As Miller talks about, in any great story, it takes an "inciting incident", to thrust the main character into the story. Take a look at the big movie titles and you'll see it. Why else would we go see a movie if there wasn't conflict that pulls us into the story. Maybe it's the death of a loved one, a bad break-up, a natural disaster, losing a job, cancer, and so on. We sit on the edge of our seat, eagerly anticipating how the lead character will react. They are somewhat cornered, and there is no response but to act. If they just sat there on the sofa and watched porn and ate swedish fish, then the movie would be over, no longer than 30 minutes. But they never do that do they? There's a transformation that takes place. Miller describes it:
If I got any comfort as I set out on my first story, it was that in nearly every story, the protagonist is transformed. He's a jerk at the beginning and nice at the end, or a coward at the beginning and brave at the end. If the character doesn't change, the story hasn't happened yet. And if story is derived from real life, if story is just condensed version of life then life itself may be designed to change us so that we evolve from one kind of person to another.
The inciting incident for me was 9 months ago. Piles of debt, kicked out on my ass, several months of working at a video store, and the loss of all my friends. That wasn't an inciting incident, that was inciting incidents; plural. It was obvious that the story I had written for myself hadn't worked out. So what was going to be the new story? I was cornered, and inaction wasn't an option. It was at that point I decided that although I felt like I had lived all 27 years of my life for someone else, doing what pleased others and what others expected, that it was time to do what I wanted to do. Here's what I penned 5 months ago:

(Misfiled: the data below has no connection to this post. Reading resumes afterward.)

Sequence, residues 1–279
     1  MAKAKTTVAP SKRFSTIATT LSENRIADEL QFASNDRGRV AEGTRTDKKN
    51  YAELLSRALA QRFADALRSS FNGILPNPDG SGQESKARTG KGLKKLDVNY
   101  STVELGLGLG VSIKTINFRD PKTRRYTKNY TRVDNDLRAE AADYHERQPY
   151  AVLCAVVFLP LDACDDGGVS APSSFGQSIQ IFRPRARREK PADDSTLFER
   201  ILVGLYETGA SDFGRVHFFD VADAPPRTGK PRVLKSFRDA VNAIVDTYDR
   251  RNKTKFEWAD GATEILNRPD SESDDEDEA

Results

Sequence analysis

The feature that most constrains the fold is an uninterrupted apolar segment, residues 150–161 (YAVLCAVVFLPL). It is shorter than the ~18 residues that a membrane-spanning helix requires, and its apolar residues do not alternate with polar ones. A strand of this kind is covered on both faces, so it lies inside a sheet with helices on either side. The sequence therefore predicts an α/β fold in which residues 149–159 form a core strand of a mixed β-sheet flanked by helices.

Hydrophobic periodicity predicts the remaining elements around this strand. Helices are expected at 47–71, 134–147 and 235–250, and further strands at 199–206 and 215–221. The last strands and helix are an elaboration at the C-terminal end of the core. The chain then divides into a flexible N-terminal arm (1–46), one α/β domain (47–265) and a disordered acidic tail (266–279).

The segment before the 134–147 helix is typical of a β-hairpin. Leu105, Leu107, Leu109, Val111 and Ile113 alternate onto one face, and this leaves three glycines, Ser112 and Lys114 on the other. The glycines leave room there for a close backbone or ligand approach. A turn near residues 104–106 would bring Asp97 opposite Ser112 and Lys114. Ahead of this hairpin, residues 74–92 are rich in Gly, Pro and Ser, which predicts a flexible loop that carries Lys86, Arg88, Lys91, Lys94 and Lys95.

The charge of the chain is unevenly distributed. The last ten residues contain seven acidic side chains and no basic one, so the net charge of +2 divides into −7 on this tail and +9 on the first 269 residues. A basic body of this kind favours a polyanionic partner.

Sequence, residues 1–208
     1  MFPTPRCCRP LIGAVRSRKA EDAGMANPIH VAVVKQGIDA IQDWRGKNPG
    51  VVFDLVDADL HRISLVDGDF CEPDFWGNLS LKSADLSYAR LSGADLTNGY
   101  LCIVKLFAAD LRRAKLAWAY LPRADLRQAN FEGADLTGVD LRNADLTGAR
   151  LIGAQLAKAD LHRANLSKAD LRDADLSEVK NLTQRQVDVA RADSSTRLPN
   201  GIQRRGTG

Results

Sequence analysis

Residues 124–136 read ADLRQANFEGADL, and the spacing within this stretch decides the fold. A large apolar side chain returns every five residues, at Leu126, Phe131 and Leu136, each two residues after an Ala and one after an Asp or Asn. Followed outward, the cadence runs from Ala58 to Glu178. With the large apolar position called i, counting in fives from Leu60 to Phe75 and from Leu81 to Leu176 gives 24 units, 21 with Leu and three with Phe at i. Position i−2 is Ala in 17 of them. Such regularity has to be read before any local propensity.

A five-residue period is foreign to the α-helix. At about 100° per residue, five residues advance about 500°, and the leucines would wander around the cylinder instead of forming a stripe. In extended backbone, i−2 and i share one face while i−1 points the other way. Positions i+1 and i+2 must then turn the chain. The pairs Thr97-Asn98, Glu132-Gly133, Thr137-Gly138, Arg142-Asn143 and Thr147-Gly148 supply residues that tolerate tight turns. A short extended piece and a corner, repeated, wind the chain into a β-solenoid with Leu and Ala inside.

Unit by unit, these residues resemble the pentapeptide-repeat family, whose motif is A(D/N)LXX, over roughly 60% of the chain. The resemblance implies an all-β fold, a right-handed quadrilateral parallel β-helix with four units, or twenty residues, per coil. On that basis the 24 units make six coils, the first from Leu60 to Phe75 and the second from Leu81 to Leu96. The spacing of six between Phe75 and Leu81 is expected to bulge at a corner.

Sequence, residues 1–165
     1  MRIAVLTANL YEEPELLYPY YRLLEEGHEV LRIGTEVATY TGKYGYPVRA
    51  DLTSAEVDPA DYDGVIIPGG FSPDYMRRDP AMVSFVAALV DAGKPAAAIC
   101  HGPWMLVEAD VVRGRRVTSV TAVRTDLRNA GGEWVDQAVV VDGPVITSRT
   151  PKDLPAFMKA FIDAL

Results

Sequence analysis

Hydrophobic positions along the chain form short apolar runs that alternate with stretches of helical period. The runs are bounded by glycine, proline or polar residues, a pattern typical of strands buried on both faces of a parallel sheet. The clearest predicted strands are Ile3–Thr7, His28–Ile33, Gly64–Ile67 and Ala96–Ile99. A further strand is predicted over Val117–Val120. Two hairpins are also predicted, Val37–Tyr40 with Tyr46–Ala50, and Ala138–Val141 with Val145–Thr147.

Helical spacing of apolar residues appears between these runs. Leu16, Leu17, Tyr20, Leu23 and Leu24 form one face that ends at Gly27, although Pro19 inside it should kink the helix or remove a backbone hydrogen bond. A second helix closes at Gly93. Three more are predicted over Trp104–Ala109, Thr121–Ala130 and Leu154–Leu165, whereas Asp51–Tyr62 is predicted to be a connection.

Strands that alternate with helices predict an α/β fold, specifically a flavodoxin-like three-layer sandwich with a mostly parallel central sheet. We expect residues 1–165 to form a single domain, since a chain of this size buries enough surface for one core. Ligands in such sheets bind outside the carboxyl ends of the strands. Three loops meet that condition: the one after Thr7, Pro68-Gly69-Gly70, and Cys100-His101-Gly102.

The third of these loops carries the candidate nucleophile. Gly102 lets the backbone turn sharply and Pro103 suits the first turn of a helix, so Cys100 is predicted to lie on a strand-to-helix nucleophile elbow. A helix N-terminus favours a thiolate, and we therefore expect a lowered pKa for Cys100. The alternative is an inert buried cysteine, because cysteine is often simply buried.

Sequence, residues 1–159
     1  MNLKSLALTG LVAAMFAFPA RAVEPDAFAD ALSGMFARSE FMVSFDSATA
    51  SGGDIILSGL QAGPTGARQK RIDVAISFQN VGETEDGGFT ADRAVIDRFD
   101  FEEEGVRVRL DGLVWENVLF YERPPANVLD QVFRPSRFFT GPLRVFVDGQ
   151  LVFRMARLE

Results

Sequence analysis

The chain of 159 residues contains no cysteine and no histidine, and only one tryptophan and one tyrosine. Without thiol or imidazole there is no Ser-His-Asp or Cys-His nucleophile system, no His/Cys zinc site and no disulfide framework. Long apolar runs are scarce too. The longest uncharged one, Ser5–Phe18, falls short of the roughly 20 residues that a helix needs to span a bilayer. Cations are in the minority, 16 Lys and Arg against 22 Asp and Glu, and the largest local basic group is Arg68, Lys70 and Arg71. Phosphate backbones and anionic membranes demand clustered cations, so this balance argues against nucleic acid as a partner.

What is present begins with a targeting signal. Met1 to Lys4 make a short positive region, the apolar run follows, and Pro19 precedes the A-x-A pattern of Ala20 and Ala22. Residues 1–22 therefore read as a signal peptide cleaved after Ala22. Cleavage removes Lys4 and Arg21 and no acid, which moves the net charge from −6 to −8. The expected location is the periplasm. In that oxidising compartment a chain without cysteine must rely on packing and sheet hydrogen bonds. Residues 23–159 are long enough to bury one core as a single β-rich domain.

So what about me? I’m about to write my own story. What will it entail? Not sure. But do we truly ever know? If we really knew where we were going to be months and years from now, would it hold the same allure and sense of adventure? I do, however, know that it’s going to involve moving; and more than likely out of the country, probably on the beaches of Central America. It’ll also involve traveling and writing about it, mixed with some volunteering. These are the things that I’m most passionate about in my life, and it’s about time I truly pursue those passions.
Six weeks after writing that, I quit my job to become a full-time location independent travel writer. Since September I've been traveling throughout the U.S., including a seven-day, 13-state road trip from the east to the west coast. Finally, I'm now just days from spending the winter living in Central America. I don't tell you this to hang it over your head or boast about what I can do. If there's anything that I've learned over the last few months, it's that if you really want to do something, you'll stop at nothing to do it. It wasn't pretty, but when is it? In another influential book, Randy Pausch in The Last Lecture, stated:
The brick walls are there to show how badly we want something. Because the brick walls are there to stop the people who don't want something badly enough.
I ask the same question I asked readers several months ago: what story are you writing for yourself? Are you happy? Are you doing what you want to do? Let me note, traveling does not, nor will it ever "heal" or make you forget things. What is done is done. If you're in need of editing your own life, it doesn't have to be the path that I've chosen. Maybe it involves volunteering or starting your own business. Maybe you need to re-connect with a loved one or need to start another career. Whatever, it is, go out there and do it.
I'll end with one more quote, another one from Randy Pausch. A few weeks ago I posted the following quote: "We can’t change the cards we are dealt, just how we play the hand." After I posted it, a friend responded with one of the greatest compliments I've ever gotten: "Spence, I think you've played your hand pretty well". Checkmate.
Photo at Meet, Plan, Go courtesy of Jodi Ettenberg of Legal Nomads.